Since as far as we could find out -- no one's ever tried it before -- we can't say for certain exactly what would happen. But we can take a pretty good guess: "It would be ugly," says Steve Cox, one wastewater treatment facility operator we interviewed.
Wow does Jesus get angry once in a while. Look at this...
It was nearly time for the Jewish Passover celebration, so Jesus went to Jerusalem. In the Temple area he saw merchants selling cattle, sheep, and doves for sacrifices; he also saw dealers at tables exchanging foreign money. Jesus made a whip from some ropes and chased them all out of the Temple. He drove out the sheep and cattle, scattered the money changers’ coins over the floor, and turned over their tables. Then, going over to the people who sold doves, he told them, “Get these things out of here. Stop turning my Father’s house into a marketplace!” Then his disciples remembered this prophecy from the Scriptures: “Passion for God’s house will consume me.” (John 2:13-17, NLT)
Think of yourselves the way Christ
Jesus thought of himself. He had equal status with God but didn't
think so much of himself that he had to cling to the advantages of
that status no matter what. Not at all. When the time came, he set
aside the privileges of deity and took on the status of a slave,
became human! Having become human, he stayed human. It was an
incredibly humbling process. He didn't claim special privileges.
Instead, he lived a selfless, obedient life and then died a
selfless, obedient death—and the worst kind of death at that—a
crucifixion. (Phil 2:5-8, The Message)
3. It seems to be directed and institutions and not at individuals.
How would telling people to be nice to
one another get a man crucified? What government would execute Mr.
Rogers or Captain Kangaroo?” Phillip Yancey
The Lord is not slow in keeping
his promise, as some understand slowness. He is patient with
you, not wanting anyone to perish, but everyone to come to
repentance. 2 Peter 3:9, NIV
there is now no condemnation for those who are in Christ Jesus
(Romans 8:1, NIV)
Finally, look at what C. S. Lewis said to close out The Lion, the Witch, and the Wardrobe.
'Safe?' said Mr. Beaver...'Who said
anything about safe? 'Course he isn't safe. But he's good. He's the
King, I tell you.'"
God is good, but he is not nice. He gets angry and picks fights. But he does so for the sake of you and for me.
(CNN) -- The weather can affect your travel, your mood and apparently the size of your family. Edie is a proud blizzard baby, and her parents have already bought her a snowsuit for this year.
Denver hospitals are reporting a baby boom, which is arriving about nine months after two blizzards walloped Colorado's capital city. With roads shut down for days, couples were stuck at home and apparently cuddled up to stay warm.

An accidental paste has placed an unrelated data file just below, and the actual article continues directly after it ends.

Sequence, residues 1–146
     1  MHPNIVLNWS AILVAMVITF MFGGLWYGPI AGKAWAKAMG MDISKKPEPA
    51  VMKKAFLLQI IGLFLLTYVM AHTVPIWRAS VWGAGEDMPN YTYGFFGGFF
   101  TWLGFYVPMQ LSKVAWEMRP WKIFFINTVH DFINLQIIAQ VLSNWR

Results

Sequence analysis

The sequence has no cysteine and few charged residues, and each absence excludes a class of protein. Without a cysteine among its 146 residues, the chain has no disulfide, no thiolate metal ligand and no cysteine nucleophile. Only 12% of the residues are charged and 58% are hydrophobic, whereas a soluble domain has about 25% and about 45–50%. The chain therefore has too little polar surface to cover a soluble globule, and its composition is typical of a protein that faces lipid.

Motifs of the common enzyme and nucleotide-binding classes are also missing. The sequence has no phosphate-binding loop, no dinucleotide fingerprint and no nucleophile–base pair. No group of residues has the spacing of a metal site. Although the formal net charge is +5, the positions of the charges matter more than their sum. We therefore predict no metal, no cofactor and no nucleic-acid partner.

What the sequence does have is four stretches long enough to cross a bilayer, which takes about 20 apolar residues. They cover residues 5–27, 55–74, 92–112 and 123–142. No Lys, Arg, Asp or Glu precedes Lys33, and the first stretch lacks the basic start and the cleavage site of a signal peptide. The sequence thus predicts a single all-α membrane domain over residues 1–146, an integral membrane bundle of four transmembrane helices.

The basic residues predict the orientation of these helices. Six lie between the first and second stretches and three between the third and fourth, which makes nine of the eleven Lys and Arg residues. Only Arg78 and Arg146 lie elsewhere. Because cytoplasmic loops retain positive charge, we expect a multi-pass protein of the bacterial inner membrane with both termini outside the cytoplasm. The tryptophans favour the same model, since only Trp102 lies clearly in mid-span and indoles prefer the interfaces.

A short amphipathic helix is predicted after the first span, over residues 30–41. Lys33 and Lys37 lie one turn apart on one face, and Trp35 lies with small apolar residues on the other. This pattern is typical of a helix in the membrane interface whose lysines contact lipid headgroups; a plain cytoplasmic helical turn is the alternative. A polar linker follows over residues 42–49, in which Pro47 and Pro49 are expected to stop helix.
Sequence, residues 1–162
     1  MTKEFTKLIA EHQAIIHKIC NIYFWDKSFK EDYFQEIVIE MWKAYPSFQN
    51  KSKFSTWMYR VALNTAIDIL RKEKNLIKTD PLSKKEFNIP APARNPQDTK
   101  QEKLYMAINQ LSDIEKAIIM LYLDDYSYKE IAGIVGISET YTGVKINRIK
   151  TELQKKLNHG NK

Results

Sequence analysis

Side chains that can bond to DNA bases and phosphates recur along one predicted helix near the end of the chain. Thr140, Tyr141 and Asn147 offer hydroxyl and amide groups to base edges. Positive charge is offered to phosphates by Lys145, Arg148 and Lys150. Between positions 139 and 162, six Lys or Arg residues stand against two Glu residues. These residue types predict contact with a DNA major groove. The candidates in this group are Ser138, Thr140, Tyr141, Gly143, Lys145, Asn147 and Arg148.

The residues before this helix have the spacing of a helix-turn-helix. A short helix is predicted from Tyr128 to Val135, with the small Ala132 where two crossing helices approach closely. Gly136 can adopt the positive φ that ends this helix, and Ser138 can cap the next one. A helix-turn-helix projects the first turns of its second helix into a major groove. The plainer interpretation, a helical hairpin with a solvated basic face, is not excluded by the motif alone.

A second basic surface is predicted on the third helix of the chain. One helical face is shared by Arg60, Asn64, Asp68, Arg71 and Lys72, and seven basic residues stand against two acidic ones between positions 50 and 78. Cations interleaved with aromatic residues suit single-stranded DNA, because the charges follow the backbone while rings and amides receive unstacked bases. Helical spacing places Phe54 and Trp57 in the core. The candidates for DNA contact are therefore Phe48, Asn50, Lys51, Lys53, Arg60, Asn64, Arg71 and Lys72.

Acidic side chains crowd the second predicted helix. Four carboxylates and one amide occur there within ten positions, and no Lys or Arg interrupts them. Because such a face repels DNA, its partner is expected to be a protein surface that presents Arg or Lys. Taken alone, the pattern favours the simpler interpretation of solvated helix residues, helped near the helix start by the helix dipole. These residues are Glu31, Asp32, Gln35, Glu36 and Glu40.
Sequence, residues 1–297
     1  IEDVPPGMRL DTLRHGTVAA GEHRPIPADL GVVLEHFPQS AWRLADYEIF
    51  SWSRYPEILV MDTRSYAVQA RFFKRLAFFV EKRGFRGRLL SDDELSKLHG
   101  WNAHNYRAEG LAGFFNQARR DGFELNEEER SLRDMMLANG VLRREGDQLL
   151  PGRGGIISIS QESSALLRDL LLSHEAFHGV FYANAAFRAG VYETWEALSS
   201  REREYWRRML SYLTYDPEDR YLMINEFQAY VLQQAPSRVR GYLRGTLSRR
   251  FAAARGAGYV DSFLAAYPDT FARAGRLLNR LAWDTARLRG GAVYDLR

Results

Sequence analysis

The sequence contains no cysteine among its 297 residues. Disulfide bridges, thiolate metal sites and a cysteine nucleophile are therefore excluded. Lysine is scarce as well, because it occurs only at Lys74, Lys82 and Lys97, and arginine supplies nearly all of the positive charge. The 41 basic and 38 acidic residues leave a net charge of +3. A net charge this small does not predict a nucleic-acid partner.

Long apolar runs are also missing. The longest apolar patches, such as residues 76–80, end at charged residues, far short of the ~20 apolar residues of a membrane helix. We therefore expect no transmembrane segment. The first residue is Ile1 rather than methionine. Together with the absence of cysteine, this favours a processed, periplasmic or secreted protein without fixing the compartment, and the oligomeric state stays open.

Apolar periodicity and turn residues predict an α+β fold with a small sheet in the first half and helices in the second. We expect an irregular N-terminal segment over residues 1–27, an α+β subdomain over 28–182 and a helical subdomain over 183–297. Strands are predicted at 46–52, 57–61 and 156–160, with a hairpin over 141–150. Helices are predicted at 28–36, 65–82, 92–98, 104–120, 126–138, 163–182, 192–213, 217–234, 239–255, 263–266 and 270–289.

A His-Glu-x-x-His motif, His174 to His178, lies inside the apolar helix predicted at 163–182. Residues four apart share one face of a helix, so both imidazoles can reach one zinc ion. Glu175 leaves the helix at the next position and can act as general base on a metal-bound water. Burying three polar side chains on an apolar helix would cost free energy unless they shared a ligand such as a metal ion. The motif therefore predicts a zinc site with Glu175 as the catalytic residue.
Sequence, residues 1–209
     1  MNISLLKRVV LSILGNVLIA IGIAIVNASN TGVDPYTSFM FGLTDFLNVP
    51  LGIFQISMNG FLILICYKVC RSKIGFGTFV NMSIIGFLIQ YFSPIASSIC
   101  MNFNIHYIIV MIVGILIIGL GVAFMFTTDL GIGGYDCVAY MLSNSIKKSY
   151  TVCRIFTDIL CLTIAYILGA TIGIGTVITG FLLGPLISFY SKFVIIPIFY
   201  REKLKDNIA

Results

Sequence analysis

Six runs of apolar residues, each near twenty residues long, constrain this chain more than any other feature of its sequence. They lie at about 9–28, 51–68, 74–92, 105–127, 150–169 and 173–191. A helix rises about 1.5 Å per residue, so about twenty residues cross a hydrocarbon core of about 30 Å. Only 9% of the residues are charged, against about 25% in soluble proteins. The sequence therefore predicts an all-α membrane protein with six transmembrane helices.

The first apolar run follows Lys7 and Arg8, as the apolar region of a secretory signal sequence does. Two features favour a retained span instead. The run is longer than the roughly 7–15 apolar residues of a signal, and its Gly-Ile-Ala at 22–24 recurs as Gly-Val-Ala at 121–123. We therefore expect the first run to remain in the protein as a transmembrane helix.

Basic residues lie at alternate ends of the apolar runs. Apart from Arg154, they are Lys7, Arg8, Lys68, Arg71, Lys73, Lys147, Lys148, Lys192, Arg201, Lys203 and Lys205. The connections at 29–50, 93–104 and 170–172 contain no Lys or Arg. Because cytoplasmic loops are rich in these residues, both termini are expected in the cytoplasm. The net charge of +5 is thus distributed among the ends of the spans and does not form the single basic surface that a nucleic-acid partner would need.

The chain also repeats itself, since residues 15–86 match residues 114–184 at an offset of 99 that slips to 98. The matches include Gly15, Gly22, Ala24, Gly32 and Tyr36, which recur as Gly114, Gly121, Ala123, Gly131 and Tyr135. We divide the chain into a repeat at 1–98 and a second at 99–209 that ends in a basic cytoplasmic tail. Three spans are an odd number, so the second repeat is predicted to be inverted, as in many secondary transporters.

In the 1960s and 1970s, the tradition of Halloween
trick-or-treating came under attack. Rumors circulated about Halloween
sadists who put razor blades in apples and booby-trapped pieces of
candy. The rumors affected the Halloween tradition nationwide. Parents
carefully examined their children's candy bags. Schools opened their
doors at night so that kids could trick-or-treat in a safe environment.
Hospitals volunteered to X-ray candy bags.
In 1985, an ABC News poll showed that 60 percent of parents worried
that their children might be victimized. To this day, many parents warn
their children not to eat any snacks that aren't prepack-aged.
This is a sad story: a family holiday sullied by bad people who,
inexplicably, wish to harm children. But in 1985 the story took a
strange twist. Researchers discovered something shocking about the
candy-tampering epidemic: It was a myth.
The researchers, sociologists Joel Best and Gerald Horiuchi, studied
every reported Halloween incident since 1958. They found no in-stances
where strangers caused children life-threatening harm on Halloween by
tampering with their candy.
Two children did die on Halloween, but their deaths weren't caused
by strangers. A five-year-old boy found his uncle's heroin stash and
overdosed. His relatives initially tried to cover their tracks by
sprinkling heroin on his candy. In another case, a father, hoping to
collect on an insurance settlement, caused the death of his own son by
contaminating his candy with cyanide.
In other words, the best social science evidence reveals that taking
candy from strangers is perfectly okay. It's your family you should